See how easy it is? Just one step at a time...

After all that, we made it to the top! Yay! Happy happy joy joy happy happy joy! And you know what? The view was AWESOME! I think the pictures speak for themselves:

Rene and I stayed at the summit for an hour and took a little nap under a rock. We woke up feeling refreshed and ready for our descent.

So only one word sums up our descent – LONG. It took us an hour and a half to get down from the summit because some idiot decided to use both sides for the cable to descend. It caused a huge backlog and made everyone really, really mad. I understand that people have physical limitations and have to do things their way, I do, but making a line of people wait for an hour and a half while holding on to a steel cable is really not the right time to have this handicap. After we got down from the cables we were seriously tempted to tell him off or give him a hard shove but figured he already got some choice words from the people behind him. Whoever he is, I hope he learned his lesson! And the lesson is (everyone say it): DON’T USE BOTH SIDES OF THE CABLE! And face the mountain when descending!

Rene and I jammed on the way down – it was all downhill from there and we only stopped to chillax (chill + relax = chillax) by a creek and dip our toes in the water. Ah, it was a very refreshing 30 minute rest.

The part where we went wrong was when faced with the decision of going down through Vernal Falls or Nevada Falls – since we ascended through Nevada Falls, why not descend down Vernal and see another waterfall on the way down? Big mistake! So you know how going down stairs is hard on your knees? These stairs down to Vernal Falls killed ours. By the time we got to Vernal Falls we must have climbed down a million stairs (that’s what my knees told me and I’m sticking to it) and were really tired. Plus, it was beginning to get dark. We didn’t spend much time admiring the falls on account of darkness heading our way, not to mention those damn stairs. By the time we made it to the bus stop at Happy Isle it was full-on night fall. It was 8:30 pm folks, and we hiked for 14 hours.

Just to spice up our evening a black bear crossed the street and started checking out the trash cans by the bus stop. At first we thought it was a cute little bear but after shining a light on that thing we realized it was an adult bear trying to get some food. The people at the bus stop all banded together and were trying to make a lot of noise when the bus came. Oh the bus – I have never been happier to see the bus! Bus to the rescue!

What happened next was a blur. I think we ate pizza then crashed until morning. Actually I take that back – we slept when our neighbors would pipe down and let us, which didn’t make for many hours of sleep.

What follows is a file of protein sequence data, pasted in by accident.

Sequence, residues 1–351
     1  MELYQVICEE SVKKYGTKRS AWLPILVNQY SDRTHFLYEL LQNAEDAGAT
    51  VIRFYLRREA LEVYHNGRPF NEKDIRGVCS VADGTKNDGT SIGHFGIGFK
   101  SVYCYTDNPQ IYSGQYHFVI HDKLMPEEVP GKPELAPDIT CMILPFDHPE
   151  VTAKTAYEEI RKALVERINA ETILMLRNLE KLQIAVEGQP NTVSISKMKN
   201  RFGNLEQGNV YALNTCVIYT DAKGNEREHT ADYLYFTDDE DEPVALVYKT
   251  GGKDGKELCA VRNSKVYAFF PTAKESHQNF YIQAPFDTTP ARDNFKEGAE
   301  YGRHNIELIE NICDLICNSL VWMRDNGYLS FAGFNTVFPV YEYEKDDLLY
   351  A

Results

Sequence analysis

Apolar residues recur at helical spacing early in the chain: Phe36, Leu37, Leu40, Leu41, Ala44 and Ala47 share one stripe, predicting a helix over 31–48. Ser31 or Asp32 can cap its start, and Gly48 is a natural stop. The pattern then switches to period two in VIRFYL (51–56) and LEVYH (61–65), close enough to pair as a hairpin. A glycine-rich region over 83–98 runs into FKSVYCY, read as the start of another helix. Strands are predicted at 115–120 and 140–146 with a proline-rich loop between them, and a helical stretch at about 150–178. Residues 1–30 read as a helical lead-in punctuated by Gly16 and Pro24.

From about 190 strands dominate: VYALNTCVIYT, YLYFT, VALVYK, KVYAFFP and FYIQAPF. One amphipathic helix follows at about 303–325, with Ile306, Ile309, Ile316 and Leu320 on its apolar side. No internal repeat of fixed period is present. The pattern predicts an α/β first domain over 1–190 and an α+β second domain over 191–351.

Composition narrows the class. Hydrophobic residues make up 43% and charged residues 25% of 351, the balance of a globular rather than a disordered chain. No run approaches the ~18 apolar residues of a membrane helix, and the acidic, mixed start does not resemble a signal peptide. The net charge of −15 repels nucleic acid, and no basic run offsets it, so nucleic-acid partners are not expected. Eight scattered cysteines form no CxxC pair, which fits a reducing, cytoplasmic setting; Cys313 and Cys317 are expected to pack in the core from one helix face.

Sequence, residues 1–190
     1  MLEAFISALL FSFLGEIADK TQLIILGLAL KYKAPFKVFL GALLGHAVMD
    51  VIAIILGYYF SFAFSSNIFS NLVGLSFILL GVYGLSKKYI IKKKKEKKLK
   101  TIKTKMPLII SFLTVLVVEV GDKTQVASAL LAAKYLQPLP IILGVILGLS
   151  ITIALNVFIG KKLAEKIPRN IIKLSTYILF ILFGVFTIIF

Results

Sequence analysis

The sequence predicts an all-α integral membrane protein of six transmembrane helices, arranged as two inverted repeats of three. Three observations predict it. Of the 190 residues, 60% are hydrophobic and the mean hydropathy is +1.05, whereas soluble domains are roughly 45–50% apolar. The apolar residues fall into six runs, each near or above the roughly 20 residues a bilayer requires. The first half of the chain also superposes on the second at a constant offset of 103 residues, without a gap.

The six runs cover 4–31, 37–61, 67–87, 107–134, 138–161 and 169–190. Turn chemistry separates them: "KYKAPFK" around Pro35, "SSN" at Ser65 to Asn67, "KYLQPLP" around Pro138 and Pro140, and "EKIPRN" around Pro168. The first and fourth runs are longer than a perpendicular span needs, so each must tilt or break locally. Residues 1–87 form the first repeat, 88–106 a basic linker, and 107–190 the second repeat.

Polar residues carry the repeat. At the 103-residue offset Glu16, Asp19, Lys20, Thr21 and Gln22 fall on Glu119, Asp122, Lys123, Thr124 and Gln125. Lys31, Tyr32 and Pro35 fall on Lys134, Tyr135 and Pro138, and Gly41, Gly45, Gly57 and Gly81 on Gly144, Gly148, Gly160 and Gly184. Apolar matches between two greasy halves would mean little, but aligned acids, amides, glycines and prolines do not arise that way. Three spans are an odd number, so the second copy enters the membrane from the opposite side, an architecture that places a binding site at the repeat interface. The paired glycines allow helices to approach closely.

The next day we had breakfast with Erin and Jeff at the world famous Awahnee hotel, where they prepared individual omelets for us. We had delicious food, albeit not the Sunday brunch (apparently that only happens on, ahem, Sunday). Afterwards, when we were all stuffed we headed back home. On the road again, and back to life.

Wednesday, September 12, 2007

It’s Pronounced Yo-SEM-it-ee

We got up at the crack of dawn – 5:30 a.m. to be exact – on Saturday morning to make our way to Yosemite. Yep, we made plans to have breakfast by 6:30 a.m. at the hotel, followed by an hour trek to our destination for the weekend. We are such adventurers! So gung-ho and up ‘n’ at-em and fired up! I think we were just sleep deprived and didn’t know any better at this point.

We obviously did not get the memo to wear red Hawaiian shirts for breakfast that morning. The “Locusts” as Erin called them – a bunch of adolescent boys wearing (yep, you guessed it) red Hawaiian shirts had totally taken over the hotel’s breakfast area. They ate everything that came out within five minutes and they took up every table. I was annoyed at having to go around them for everything: to get to the serving area, to get a bagel, to get a napkin, to get a fork… you get the idea. What made it worse was that every other word that came out of their mouth was “dude” and that they smelled musty (shower much, anyone?). Thankfully they were gone by the time we sat down to eat. Apparently the Fresno Hampton Inn was THE place to stay that weekend – if you happened to be a teenage boy. Er, or like us, on your way to Yosemite, yeah.

So it turns out it takes two hours (not one) to get to the Yosemite park entrance, then almost another hour after that getting to Yosemite Valley. Once in the park, there’s a two-lane highway with lots of turns that bring you to the valley and it ends when you go through this awesome tunnel dug out of a granite on a hill, with a view of El Capitan and Half Dome on the other side. I can’t imagine a better way to enter Yosemite Valley. Gorgeous, isn't it?